This video is proof that Liu Kang has a background story

I tried to watch this video, but it made no sense at all. I’ll try to summarize what I think it tried to tell me.

Liu Kang was born a Chinese orphan in The Netherlands nine months after the post-WWI sex orgies in 1919. As he entered puberty, he started studying the secret martial arts of clog combat at the monestary of the Shaolin Society of the Clog. Sadly, he received a severe injury when a clog hit his lower regions during training for his black belt. After doctors had to remove his testes to save his life, Liu Kang went through years of teasing because of his shrill high-pitched voice.

Life was not easy for Liu Kang during those years, but he found his passion in bicycle riding. Whenever he had a chance to skip school, you could find him cycling all over the countryside! He even started to train on his bicycle as part of the “hidden clog kick” technique he was developing, in order to show his master that he was ready to become a worthy Clog Warrior of Shaolin.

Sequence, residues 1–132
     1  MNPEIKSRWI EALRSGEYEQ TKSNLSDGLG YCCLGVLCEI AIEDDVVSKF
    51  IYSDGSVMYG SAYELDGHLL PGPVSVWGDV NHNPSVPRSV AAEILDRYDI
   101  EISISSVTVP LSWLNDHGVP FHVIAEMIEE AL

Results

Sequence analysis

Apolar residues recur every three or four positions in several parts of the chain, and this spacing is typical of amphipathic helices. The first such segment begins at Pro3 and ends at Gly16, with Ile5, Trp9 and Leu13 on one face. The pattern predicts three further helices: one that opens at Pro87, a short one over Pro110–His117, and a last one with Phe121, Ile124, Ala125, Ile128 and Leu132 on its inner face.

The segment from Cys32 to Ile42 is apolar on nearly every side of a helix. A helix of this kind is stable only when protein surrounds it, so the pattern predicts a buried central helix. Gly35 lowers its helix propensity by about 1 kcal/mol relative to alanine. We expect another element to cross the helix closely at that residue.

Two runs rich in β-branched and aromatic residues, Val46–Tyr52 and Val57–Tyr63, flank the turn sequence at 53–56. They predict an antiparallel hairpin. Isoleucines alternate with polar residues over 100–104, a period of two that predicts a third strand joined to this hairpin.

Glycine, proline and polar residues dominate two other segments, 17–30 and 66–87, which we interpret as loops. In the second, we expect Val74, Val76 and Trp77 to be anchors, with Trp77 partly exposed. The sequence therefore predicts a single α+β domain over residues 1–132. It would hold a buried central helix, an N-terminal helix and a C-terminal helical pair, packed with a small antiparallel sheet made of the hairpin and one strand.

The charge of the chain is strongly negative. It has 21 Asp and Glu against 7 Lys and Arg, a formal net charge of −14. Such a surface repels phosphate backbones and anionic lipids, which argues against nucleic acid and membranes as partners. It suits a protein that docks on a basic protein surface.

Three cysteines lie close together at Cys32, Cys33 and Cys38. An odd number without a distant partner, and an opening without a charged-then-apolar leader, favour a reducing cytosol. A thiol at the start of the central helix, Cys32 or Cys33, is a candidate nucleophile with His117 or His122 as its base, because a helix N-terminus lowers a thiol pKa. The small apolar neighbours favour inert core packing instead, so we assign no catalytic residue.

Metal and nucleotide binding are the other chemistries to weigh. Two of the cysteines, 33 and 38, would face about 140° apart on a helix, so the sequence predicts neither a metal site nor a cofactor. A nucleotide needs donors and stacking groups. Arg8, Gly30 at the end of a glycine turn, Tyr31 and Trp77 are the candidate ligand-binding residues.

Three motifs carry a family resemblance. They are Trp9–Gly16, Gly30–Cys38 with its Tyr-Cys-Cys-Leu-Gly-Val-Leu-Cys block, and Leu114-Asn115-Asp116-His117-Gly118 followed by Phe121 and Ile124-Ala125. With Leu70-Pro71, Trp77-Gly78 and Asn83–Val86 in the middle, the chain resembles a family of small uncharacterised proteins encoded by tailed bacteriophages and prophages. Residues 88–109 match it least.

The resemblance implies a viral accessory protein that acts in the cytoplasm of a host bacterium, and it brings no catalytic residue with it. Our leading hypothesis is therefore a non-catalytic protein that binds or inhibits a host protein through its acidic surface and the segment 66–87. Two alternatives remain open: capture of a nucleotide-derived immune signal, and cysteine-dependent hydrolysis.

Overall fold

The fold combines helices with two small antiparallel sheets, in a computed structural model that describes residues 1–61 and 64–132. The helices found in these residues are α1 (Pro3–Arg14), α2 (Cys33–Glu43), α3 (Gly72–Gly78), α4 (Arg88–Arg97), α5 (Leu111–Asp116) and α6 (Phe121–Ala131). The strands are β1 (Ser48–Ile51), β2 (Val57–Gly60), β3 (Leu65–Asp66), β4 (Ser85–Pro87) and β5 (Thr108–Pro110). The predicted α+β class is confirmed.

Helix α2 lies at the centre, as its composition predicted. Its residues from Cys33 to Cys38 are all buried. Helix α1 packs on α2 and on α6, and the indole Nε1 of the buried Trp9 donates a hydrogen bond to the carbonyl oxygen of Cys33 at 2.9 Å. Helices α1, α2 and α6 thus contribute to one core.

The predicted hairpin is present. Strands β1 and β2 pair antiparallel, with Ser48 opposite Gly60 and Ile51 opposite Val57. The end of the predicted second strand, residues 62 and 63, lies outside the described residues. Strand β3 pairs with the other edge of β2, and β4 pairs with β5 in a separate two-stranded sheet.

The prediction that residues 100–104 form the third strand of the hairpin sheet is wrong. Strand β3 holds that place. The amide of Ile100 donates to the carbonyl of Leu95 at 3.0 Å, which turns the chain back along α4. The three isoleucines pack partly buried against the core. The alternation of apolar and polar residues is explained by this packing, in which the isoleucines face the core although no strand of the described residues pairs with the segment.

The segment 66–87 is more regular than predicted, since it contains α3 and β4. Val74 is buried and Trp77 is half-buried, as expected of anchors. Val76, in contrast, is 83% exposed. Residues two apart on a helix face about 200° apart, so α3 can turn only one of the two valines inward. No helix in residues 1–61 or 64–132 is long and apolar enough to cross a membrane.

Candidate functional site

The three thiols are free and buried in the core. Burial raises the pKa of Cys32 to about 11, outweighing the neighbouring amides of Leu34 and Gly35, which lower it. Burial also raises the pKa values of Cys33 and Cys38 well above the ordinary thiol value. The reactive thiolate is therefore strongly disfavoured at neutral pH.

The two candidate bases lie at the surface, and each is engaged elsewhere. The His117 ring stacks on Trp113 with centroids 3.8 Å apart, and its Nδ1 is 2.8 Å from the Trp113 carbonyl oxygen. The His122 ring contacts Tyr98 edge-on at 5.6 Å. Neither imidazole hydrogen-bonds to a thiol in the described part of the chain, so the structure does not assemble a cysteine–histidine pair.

But things took a turn for the worse when the Nazis invaded and stole all of the countries bicycles! Without his bike, Liu had to improvise and calm himself to the point where he reached a level of understand that surpassed even that of his great master. Using the knowledge of Shaolin clog fighting, he was able to extract the chi of the clog, and use it to set its energy ablaze in the direction of his Nazi foes.

However, as his attacks on the invaders escalated, this proved to be ineffective against the enemy’s Panzer tanks. Only one, desperate path lay open for Liu Kang on a fateful day that will rest in infamy. Combining the chi of the clogs with the insights into gravimetric physics he learned during his school’s only obligatory class — which is why all people there are so tall — he managed to become the bicycle he once held dear! Thus, the bicycle kick was born, and Liu Kang rode his kicks all the way to Berlin within a day.

That, or what the video said.

About The Author
Maurice Tan
More Stories by Maurice Tan